Making a technology buying decision is difficult when you don’t understand the technology itself. You know that cloud computing has little to do with the weather, but beyond that you’re stumped. Where do you turn for answers?
Here is a list of resources to get answers to your technology questions. There are encyclopedia sites for quick answers, and there are video sites for extended screencasts. All of the sites are free.
Technology Education Sites
Wikipedia. Wikipedia is a collaborative encyclopedia website. Wikipedia has more than 82,000 active contributors working on more than 19,000,000 articles in more than 270 languages. As of today, there are 3,792,002 articles in English. Wikipedia can provide you with an overview and history of a technological subject, as well as a list of references to learn more on your subject.
WhatIs.com. WhatIs.com is an education tool on information technology. It contains over 4,500 individual encyclopedic definitions and topics, as well as a number of fast reference pages and learning tools. The topics contain approximately 12,000 hyperlinks between the topics and other reference sites.
HowStuffWorks. HowStuffWorks offers easy-to-understand explanations of how the world actually works. The site also provides consumer opinions, and access to independent expert ratings and reviews. All of the information you need to make a purchasing decision.
Best Tech Videos. Best Tech Videos is a user driven social content website dedicated to finding the best educational videos for developers, designers, managers and other people in IT. Videos are submitted by the community, and then approved by moderators. The site has nearly 11,000 videos and over 6,000 hours of content.
TechXtra. TechXtra is a search-engine for subject-based information in computing, mathematics, and engineering resources. It cross-searches from 31 different collections, including content from over 50 publishers and providers.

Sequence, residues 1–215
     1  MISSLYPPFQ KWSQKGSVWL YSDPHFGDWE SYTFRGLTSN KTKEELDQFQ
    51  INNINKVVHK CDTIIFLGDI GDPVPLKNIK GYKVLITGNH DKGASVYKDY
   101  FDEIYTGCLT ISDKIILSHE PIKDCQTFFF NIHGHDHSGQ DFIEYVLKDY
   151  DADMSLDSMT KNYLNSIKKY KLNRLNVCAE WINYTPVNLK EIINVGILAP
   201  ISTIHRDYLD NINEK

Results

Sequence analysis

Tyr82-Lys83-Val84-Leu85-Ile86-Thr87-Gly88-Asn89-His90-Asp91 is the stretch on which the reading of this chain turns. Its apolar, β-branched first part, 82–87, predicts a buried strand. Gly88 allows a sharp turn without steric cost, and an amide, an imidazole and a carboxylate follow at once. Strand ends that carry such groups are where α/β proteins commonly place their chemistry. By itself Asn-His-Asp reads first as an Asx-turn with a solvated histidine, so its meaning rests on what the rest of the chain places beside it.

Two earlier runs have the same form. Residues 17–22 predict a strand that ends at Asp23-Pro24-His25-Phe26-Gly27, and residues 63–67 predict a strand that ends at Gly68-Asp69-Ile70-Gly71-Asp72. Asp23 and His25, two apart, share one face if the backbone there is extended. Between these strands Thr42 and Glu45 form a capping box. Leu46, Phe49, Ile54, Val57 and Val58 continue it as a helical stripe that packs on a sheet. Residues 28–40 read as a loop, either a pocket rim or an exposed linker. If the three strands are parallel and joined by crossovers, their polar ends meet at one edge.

Cisco WebEx. In addition to being a conferencing tool, the Cisco WebEx platform offers hundreds of educational webinars. The majority of the webinars are business and computing-related, though there are a variety of other subjects, including health and fitness, and arts and culture.
InfoWorld. InfoWorld provides technical analysis on key products, solutions, and technologies for buying decisions. It seeks to explain to senior technology decision makers how these technologies work, and how to use them to drive business.
iTunes U. iTunes U is a distribution system for educational videos on a wide variety of subjects, including business and technology. There are over 350,000 free lectures, videos, and other resources already on iTunes U.
AlphaGalileo. AlphaGalileo is an independent source of research news for technology, business, science, and applied science. Access news information, library and multimedia resources, broadcast media, and technical blogs.
Encyclopedia.com. Encyclopedia.com provides free access to a collection of online encyclopedias and published sources like Oxford University Press and Columbia Encyclopedia. It contains nearly 200,000 reference entries and more than 50,000 multi-media topic summaries.
Ask.com. Ask.com is a search engine designed to answer questions. In addition to its search capabilities, it has a Q&A section where you can ask direct questions that are answered by Ask’s Q&A partners. Q&A categories include computers, technology, and business and finance.
Khan Academy. The Khan Academy is an organization on a mission: changing education for the better by providing a free world-class education to anyone anywhere. It has a library of over 2,600 videos that includes collections in computer science and business.